Experiences outside of the classroom were important elements of success for Mattie Codling, an art history and anthropology major.
“Take the first chance you get to work in your field, even if it isn’t required for your degree,” she said. “Internships are great! Make use of what is available on campus because there is always somewhere to plug in.”
An internship at the University Museum inspired her favorite academic achievement, curating a museum exhibition of Southern folk art for her senior thesis. The Starkville native researched the artists, selected pieces illustrating their style, and designed How We Worked, Played, and Prayed to be educational and enjoyable for the viewer.
“The task proved instructive and gave me confidence in my ability as an art historian,” Codling said. “I gained skills in research, planning, and installation indispensable to my future career.”
Art history professor Nancy Wicker notes other skills Codling cultivated. “As faculty advisor of the Vasari Society, I worked with Mattie for the past two years as we sought to rejuvenate the art history student organization,” said Wicker. “As president of the group, she organized internal events and also took the initiative to bring an expert on stained glass to our university. She indefatigably sought sources of funds and worked with me to write an application for a Mississippi Humanities Council mini-grant, which we subsequently received.”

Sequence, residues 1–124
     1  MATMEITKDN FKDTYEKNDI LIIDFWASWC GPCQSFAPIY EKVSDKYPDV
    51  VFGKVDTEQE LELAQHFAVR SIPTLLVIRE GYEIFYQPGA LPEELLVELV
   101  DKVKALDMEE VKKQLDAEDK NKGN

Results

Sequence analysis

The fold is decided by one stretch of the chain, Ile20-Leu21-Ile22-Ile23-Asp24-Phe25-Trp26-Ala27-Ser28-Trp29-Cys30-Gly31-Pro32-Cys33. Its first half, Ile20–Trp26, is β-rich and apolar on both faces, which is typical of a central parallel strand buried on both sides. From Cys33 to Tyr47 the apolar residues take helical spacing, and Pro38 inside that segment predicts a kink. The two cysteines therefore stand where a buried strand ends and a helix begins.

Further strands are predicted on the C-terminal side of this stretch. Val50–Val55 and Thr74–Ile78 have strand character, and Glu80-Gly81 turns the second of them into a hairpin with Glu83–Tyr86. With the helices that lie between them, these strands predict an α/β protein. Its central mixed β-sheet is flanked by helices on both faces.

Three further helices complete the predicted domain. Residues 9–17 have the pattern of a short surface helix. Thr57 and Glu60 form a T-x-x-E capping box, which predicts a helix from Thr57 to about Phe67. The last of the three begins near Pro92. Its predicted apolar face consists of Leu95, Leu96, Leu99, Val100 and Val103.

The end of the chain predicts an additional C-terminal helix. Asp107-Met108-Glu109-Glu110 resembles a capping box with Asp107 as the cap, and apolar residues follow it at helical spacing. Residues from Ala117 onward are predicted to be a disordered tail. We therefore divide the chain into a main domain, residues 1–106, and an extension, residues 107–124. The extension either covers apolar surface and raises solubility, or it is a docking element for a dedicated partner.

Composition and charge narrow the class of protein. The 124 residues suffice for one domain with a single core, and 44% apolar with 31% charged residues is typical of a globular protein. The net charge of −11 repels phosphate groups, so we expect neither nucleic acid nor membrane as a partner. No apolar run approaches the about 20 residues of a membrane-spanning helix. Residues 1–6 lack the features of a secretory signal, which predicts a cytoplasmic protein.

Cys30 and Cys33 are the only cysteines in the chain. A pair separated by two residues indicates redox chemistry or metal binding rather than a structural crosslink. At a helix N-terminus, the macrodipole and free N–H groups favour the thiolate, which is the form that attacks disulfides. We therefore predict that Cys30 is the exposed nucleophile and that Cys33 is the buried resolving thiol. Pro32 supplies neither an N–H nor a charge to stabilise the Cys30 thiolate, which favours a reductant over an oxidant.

In addition to museum curation and grant writing, Codling experienced field work in anthropology. One summer she helped excavate the Carson Indian Burial Mounds near Clarksdale, a large site for the Mississippian group predating European contact.
All these experiences and work for her double major in art history and anthropology have equipped Codling for her next steps in life. “UM has prepared me for what I want to do outside of college by the complexity and level of excellence professors required of my work,” she said. “True, I didn’t enjoy reading theory, but it was all worth it in the end.”